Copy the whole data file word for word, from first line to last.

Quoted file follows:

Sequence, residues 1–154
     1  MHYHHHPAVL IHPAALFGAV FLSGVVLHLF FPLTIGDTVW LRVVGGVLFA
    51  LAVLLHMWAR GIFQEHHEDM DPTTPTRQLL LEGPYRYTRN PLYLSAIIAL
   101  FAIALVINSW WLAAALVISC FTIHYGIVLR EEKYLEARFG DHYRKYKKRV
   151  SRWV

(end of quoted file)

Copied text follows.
Sequence, residues 1–154
     1  MHYHHHPAVL IHPAALFGAV FLSGVVLHLF FPLTIGDTVW LRVVGGVLFA
    51  LAVLLHMWAR GIFQEHHEDM DPTTPTRQLL LEGPYRYTRN PLYLSAIIAL
   101  FAIALVINSW WLAAALVISC FTIHYGIVLR EEKYLEARFG DHYRKYKKRV
   151  SRWV